Researcher uses mathematics to answer questions about the inner workings of the brainLeonid Rubchinsky, Ph.D. | Associate Professor | Department of Mathematical Sciences It’s not second nature to relate mathematical science to Parkinson’s Disease, but for School of Science Associate Professor Leonid Rubchinsky, the two have shaped his career.
For the past several years, Rubchinsky has collaborated with Neurosurgery professor Robert Worth in the IU School of Medicine to conduct fundamental research, using mathematics to help answer questions about the inner workings of the brain. In the case of Parkinson’s Disease, Rubchinsky’s work — although a precursor to any clinical application — aims to determine why brain cells aren’t able to communicate in a normal manner.
“I view my research as a way to gain a better understanding of how neural cells communicate with each other and how this communication translates into our behavior — the way we think, the way we understand the world, the way we create things and do things,” explains Rubchinsky. “Using differential equations, nonlinear dynamics, numerical analysis, time-series analysis, and other mathematical theories and methods, my work helps put clinical observations into a coherent framework so we can explain why brain cells aren’t acting the way they should.”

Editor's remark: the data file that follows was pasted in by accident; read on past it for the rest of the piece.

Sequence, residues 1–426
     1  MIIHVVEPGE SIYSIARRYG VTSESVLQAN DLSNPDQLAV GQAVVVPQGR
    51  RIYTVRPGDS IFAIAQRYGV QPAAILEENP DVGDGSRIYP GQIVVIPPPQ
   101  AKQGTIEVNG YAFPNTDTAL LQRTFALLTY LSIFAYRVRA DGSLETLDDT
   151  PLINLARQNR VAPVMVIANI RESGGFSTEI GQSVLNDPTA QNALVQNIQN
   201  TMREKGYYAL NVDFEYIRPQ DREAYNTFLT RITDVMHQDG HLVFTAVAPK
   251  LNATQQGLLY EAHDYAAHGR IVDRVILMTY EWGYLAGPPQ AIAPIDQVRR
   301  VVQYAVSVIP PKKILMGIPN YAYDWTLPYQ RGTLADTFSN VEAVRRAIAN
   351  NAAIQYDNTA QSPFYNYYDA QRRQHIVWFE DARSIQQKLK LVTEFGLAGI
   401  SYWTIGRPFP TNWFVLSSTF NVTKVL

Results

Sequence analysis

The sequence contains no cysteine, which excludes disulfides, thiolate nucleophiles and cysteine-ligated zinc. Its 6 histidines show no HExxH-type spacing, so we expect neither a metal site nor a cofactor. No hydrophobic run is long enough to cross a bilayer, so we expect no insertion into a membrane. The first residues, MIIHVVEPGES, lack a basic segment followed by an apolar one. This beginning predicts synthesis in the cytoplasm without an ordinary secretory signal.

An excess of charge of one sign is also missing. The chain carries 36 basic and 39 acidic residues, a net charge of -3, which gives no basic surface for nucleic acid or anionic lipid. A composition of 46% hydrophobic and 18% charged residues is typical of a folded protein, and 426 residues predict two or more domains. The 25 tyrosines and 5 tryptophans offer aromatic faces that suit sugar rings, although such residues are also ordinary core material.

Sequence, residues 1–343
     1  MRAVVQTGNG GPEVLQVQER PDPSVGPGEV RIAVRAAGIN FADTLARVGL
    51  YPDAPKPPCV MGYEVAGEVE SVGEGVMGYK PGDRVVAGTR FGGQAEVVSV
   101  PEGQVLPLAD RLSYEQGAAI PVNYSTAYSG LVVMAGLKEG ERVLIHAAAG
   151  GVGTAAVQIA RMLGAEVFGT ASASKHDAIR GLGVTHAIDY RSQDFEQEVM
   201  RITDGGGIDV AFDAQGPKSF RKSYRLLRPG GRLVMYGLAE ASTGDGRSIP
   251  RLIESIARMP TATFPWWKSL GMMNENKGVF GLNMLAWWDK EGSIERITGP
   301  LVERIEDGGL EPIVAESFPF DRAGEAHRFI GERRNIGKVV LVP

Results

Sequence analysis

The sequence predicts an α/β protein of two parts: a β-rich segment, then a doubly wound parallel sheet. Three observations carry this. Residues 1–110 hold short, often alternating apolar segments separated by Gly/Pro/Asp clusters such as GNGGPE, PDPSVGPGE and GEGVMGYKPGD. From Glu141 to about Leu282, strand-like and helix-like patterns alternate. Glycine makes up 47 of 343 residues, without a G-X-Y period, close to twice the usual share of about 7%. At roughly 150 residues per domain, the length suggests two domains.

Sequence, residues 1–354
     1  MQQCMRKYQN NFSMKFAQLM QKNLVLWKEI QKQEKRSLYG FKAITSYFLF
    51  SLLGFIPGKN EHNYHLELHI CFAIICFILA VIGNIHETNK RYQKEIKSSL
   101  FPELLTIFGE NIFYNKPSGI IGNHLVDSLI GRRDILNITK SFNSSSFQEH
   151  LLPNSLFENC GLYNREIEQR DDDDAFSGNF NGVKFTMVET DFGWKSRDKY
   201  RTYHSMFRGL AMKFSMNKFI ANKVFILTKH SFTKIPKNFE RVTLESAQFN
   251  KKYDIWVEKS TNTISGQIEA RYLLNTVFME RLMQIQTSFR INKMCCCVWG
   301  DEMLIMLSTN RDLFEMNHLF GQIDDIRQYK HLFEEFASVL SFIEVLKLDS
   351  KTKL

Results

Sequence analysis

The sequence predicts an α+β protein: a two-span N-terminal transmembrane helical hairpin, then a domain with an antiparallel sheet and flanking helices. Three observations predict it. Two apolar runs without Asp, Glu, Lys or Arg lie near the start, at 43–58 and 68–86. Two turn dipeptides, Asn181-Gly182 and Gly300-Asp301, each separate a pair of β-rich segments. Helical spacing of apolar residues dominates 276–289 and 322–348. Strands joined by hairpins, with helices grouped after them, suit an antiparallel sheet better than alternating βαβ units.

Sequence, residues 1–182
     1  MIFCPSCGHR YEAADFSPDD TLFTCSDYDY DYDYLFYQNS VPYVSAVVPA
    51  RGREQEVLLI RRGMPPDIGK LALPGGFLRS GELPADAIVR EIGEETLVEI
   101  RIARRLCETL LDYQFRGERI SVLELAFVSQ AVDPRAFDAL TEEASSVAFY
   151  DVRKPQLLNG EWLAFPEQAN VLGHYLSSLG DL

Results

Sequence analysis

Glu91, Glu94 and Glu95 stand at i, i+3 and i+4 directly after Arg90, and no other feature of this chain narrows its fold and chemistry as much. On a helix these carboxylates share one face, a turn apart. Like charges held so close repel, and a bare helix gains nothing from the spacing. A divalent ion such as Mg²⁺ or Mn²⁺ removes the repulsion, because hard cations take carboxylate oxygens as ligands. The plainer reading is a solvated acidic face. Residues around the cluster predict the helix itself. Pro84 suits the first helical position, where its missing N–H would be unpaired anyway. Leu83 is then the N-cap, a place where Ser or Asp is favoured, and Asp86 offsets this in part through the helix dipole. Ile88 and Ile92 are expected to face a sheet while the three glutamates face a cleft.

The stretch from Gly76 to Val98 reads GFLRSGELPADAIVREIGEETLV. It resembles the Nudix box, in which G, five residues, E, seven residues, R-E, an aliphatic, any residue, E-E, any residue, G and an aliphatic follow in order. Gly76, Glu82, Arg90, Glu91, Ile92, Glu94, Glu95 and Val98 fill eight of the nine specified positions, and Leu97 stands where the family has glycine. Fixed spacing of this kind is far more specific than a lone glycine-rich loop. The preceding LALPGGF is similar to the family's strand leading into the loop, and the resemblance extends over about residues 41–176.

Rubchinsky, who holds a master’s degree and doctorate degree in physics, first became interested in biological applications while in college. His post-doctoral fellowship at the University of California Davis focused on clinical neurophysiology in a lab where there was extensive collaboration between clinicians and mathematicians. The experience sparked an interest in interdisciplinary biomedical research, which for Rubchnisky, continues today. In fact, IUPUI’s collaborative environment was one of the reasons the Russian native chose to join the School of Science faculty in 2004.
With no formal educational path for the work Rubchinsky conducts through his joint assignment with the School of Science and the Indiana University School of Medicine, his expertise is highly unique and noteworthy. Rubchinsky is one of the few mathematicians in the nation to receive a National Institutes of Health (NIH) grant for his research. The $728,749 award is part of the NIH’s Collaborative Research in Computational Neuroscience program, which recognizes theorists whose collaborations with clinicians help explain how the brain works and treat brain disorders.
“When you research very fundamental science, it’s important to answer philosophical questions, but it’s also even better to see where you can make a more practical difference, such as improving the quality of life for people with diseases like Parkinson’s.”